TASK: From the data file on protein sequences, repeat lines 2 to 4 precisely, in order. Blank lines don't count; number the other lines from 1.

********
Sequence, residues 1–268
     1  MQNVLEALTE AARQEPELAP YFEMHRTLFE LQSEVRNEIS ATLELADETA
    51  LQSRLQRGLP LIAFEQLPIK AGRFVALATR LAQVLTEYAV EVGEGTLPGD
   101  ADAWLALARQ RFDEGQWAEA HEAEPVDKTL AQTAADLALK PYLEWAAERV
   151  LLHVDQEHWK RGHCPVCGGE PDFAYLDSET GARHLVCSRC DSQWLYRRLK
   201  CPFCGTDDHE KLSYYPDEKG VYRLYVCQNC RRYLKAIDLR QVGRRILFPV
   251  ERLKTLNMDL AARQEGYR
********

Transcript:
     1  MQNVLEALTE AARQEPELAP YFEMHRTLFE LQSEVRNEIS ATLELADETA
    51  LQSRLQRGLP LIAFEQLPIK AGRFVALATR LAQVLTEYAV EVGEGTLPGD
   101  ADAWLALARQ RFDEGQWAEA HEAEPVDKTL AQTAADLALK PYLEWAAERV